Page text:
Related support groups: Seizures, Ativan, Valium, Lorazepam, Epilepsy, Diazepam, Diastat, Lorazepam Intensol, Valrelease, Diastat AcuDial, Diazepam Intensol, Zetran, Diastat Pediatric, Dizac

Human-Type Epilepsy Discovered in Sea Lions

Posted 19 Mar 2014 by Drugs.com

WEDNESDAY, March 19, 2014 – When exposed to a certain toxin in algae, sea lions develop a form of epilepsy similar to that in people, a new study says. Domoic acid – which can cause tremors, convulsions, memory loss and death – is produced by algae blooms and accumulates in small fish that sea lions eat. Every year, hundreds of sea lions affected by domoic acid are washed up along the California coast. Researchers examined the brains of 14 dead sea lions that had epilepsy caused by domoic acid and compared them to the brains of nine sea lions that died from other causes. The sea lions with epilepsy had about 50 percent fewer neurons in the hippocampus (the brain's memory center) than the other sea lions. "We found there was a loss of neurons in specific patterns that closely matched what is found in people. And there is synaptic reorganization – a rewiring of surviving neurons. This ... Read more

Related support groups: Epilepsy

Study Weighs Safety of Epilepsy Drugs in Pregnancy

Posted 8 Jan 2014 by Drugs.com

WEDNESDAY, Jan. 8, 2014 – There's long been concern that certain drugs taken to control seizures might be unsafe for use by pregnant women, due to potential effects on the fetus. Now, new British research suggests that the drug levetiracetam does not pose a major risk to the neurological development of the fetus, although there's more evidence that another drug – valproate – may cause some problems. "These results are heartening, as the use of levetiracetam has increased in recent years, but there has been limited information on its effect on the thinking, movement and language abilities of children," study author Rebekah Shallcross of the University of Liverpool said in a news release from the American Academy of Neurology. "This is the first study to look at the effects of levetiracetam, and further research is needed before we can be certain there are no associations," Shallcross ... Read more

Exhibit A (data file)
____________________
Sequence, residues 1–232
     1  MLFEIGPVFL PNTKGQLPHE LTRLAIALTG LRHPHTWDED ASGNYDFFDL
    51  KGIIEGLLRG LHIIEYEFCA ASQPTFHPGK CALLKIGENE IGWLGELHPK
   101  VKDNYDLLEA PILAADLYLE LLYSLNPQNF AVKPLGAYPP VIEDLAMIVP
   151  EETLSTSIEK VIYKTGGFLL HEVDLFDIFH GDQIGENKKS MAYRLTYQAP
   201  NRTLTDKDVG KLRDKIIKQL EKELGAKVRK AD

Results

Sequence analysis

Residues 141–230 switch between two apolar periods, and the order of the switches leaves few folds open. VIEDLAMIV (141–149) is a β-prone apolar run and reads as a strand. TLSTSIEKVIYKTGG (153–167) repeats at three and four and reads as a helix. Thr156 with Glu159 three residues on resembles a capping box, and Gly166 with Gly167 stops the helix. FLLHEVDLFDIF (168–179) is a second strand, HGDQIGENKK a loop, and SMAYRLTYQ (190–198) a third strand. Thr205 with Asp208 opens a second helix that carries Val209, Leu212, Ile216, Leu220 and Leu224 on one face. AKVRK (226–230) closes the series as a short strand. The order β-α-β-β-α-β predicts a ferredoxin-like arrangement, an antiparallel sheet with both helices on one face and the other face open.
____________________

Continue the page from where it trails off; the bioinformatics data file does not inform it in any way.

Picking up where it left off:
Related support groups: Seizures, Epilepsy, Keppra, Levetiracetam, Keppra XR

Epilepsy Surgery Improves Patients' Lives, Research Finds

Posted 9 Dec 2013 by Drugs.com

SUNDAY, Dec. 8, 2013 – The vast majority of epilepsy patients who have brain surgery to treat the seizure disorder find it improves their mood and their ability to work and drive, a new study reveals. Meanwhile, a second study also indicates the procedure is safe and effective for patients over 60. "They're both reassuring findings," said Bruce Hermann, director of the Charles Matthews Neuropsychology Lab at the University of Wisconsin School of Medicine and Public Health. "Epilepsy is a difficult disorder to have and live with, coming with a high rate of depression and affecting the ability to drive and work. "We always hoped surgery would have positive effects on patients' life situations, and this research does show that, and shows that the outcomes persist," added Hermann, who was not involved with the research. Both studies are scheduled to be presented Sunday at the American ... Read more

Related support groups: Epilepsy

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Seizures, Status Epilepticus, Lennox-Gastaut Syndrome, West Syndrome, Central Nervous System Disorders